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Are you water-wise? A mid-summer’s check-up

Drought-tolerant plants, like this young Lavatera, need deep and infrequent watering in the summer.
Drought-tolerant plants, like this young Lavatera, need deep and infrequent watering in the summer. UC Master Gardener

Your garden is flourishing and your water bill is skyrocketing. Take stock of your water usage. There may be ways to keep water use under control and still live in a beautiful environment that provides fresh produce for your family. How “waterwise” are you?

Test soil for moisture content in various areas of your garden by digging down 6 inches. Soil should be moist at the depth of 3 inches.

Mulch the soil surface to reduce water loss due to evaporation. Apply mulches 2 to 4 inches deep around shrubs, trees, in flowerbeds, vegetable gardens and containers. Keep mulch away from trunks and stems.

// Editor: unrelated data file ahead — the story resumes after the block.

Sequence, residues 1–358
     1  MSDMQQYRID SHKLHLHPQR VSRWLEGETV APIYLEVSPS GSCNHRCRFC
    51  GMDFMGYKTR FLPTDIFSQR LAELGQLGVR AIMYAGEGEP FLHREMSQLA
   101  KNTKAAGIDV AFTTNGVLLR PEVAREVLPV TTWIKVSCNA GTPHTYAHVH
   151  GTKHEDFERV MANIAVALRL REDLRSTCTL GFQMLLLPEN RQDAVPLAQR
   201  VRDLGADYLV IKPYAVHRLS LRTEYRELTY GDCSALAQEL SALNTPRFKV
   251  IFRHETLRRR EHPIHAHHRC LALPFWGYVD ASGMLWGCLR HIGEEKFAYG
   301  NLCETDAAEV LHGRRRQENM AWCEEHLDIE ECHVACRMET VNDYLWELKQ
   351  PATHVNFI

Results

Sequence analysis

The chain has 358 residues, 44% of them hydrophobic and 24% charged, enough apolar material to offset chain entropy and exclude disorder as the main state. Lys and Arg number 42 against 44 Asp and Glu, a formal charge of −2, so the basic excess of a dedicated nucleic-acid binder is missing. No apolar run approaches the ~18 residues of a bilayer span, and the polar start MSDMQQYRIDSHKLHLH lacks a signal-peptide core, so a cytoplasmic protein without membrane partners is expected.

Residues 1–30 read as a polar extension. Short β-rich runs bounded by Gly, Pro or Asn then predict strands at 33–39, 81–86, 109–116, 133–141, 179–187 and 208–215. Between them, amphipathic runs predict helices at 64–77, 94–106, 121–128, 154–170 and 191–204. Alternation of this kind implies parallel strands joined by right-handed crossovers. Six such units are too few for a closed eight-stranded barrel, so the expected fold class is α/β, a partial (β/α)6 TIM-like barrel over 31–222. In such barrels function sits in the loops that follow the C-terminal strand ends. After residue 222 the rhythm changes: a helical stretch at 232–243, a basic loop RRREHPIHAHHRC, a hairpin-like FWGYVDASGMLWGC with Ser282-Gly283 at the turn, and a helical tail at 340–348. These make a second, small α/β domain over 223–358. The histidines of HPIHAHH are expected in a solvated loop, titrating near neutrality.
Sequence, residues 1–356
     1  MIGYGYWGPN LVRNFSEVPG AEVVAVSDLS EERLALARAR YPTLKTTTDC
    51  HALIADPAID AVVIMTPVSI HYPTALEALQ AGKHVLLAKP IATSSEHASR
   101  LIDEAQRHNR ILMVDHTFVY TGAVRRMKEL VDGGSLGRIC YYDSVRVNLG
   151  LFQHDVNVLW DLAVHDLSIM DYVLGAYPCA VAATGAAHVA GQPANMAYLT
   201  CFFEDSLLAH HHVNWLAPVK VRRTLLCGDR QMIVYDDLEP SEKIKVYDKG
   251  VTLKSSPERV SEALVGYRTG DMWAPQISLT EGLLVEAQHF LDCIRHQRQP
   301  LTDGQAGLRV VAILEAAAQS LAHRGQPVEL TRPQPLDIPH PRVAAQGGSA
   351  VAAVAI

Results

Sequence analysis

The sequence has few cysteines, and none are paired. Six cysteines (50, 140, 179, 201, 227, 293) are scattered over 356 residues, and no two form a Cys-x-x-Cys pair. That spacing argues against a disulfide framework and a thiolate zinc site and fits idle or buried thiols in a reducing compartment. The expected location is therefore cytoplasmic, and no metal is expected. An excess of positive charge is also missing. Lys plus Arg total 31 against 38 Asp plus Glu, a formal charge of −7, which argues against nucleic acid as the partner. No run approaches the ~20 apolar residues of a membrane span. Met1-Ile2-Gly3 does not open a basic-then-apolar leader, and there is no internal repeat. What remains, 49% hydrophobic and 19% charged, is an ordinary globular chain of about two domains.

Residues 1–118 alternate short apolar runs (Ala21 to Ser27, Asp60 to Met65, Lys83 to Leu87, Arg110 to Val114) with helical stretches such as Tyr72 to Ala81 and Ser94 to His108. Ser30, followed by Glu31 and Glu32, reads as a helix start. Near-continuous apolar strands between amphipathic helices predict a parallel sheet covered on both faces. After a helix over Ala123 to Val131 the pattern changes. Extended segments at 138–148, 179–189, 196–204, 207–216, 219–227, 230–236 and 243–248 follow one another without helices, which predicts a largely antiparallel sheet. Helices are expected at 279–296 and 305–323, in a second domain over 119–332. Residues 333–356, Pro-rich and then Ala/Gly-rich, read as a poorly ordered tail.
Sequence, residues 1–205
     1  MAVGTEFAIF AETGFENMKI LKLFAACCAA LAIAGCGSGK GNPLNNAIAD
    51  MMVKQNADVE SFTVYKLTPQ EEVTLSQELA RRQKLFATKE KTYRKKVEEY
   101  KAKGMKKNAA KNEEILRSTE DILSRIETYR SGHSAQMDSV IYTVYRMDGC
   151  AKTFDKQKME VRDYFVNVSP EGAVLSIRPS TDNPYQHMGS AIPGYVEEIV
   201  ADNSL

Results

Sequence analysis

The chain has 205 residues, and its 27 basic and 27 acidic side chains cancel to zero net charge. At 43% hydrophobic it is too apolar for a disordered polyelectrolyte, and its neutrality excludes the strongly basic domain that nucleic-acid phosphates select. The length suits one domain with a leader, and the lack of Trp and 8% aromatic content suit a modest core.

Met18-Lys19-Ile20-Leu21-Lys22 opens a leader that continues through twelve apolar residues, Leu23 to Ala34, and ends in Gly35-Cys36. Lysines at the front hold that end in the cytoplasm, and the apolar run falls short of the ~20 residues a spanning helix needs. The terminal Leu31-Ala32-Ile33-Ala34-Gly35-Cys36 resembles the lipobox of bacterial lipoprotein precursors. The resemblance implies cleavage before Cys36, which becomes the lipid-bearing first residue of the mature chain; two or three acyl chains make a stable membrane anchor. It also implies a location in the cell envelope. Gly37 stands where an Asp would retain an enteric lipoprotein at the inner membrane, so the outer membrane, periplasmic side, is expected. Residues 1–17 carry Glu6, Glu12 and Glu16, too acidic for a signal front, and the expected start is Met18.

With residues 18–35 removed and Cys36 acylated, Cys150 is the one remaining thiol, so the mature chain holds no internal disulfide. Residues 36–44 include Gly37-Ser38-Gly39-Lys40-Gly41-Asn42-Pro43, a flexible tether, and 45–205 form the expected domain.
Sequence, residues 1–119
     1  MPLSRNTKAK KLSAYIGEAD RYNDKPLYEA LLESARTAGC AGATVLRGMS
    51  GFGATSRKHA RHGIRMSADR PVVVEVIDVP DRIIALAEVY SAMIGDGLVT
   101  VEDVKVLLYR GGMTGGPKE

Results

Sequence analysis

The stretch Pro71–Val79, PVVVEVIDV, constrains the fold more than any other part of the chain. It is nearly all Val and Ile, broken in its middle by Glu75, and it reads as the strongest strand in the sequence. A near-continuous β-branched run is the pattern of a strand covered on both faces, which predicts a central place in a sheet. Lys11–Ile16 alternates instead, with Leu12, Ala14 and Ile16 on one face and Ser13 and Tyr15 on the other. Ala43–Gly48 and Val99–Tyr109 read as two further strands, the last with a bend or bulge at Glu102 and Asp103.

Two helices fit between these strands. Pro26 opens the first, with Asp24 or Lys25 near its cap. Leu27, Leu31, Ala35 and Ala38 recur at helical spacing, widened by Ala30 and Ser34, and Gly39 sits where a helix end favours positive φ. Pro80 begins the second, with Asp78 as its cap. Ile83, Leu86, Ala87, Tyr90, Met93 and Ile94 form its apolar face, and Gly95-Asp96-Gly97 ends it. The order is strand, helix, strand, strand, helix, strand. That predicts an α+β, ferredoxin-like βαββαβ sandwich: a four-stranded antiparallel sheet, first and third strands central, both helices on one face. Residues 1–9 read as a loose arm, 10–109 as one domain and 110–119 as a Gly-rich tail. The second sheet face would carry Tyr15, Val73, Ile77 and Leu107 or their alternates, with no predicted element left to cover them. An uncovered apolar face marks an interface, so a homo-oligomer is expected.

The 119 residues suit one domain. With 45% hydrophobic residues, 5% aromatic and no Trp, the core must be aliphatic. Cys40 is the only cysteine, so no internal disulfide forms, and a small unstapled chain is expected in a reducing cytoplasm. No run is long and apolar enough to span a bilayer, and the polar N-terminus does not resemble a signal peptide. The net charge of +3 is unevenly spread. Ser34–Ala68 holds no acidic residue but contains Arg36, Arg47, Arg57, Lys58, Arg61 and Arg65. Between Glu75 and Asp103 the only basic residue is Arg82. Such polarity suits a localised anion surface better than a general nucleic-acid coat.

Group plants with similar needs. Many native, Mediterranean, and Australian plants need less water to survive. Water them infrequently and deeply in the summer.

Move container plants to a shady or semi-shady area in the summer and protect them from wind.

Water early in the day to reduce evaporation. Water less often for a longer period of time to encourage deep root growth.

A drip irrigation system may reduce water usage. Depending on the layout and features of your garden, slow drip and deep root watering systems can save approximately 50 percent of irrigation needs.

Spike or aerate lawns to ensure maximum water penetration.

Check sprinklers to be sure that water is not wasted by run-off into gutters and streets. Check drip emitters for clogs.

Adjust length of time of watering as days shorten. Being water-wise does not require that you give up a beautiful garden. For more information, “Water Conservation Tips for the Home Lawn and Garden,” UC’s ANR publication No. 8036, can be downloaded from anrcatalog.ucdavis.edu free of charge.

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